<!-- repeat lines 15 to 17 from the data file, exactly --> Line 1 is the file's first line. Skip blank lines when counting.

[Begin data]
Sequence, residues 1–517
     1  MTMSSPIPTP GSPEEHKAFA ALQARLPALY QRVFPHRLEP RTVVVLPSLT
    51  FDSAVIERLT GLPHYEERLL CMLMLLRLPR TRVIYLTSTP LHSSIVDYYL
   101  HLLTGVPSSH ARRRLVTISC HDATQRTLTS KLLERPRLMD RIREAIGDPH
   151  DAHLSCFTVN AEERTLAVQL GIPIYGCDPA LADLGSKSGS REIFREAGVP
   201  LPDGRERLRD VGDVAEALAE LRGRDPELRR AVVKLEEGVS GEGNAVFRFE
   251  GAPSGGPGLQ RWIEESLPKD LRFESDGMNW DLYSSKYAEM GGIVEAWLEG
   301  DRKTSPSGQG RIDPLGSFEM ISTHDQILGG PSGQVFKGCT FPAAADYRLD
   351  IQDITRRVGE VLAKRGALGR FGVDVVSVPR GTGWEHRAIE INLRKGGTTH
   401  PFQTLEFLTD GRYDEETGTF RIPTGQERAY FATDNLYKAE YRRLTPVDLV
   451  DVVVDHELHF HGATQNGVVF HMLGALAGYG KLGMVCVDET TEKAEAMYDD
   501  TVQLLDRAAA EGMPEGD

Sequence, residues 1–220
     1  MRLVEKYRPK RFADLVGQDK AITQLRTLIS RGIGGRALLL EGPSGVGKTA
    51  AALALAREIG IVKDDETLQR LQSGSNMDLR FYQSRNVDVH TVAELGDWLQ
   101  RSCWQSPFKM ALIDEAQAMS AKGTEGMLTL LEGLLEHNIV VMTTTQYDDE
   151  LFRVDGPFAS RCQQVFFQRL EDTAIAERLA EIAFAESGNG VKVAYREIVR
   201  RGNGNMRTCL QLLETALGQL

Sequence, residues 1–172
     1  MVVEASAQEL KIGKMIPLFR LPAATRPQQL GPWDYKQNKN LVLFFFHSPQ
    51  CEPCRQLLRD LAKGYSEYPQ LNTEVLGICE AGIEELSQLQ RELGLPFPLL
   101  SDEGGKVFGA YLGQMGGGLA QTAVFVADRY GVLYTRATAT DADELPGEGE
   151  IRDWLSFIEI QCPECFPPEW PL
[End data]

    51  AALALAREIG IVKDDETLQR LQSGSNMDLR FYQSRNVDVH TVAELGDWLQ
   101  RSCWQSPFKM ALIDEAQAMS AKGTEGMLTL LEGLLEHNIV VMTTTQYDDE
   151  LFRVDGPFAS RCQQVFFQRL EDTAIAERLA EIAFAESGNG VKVAYREIVR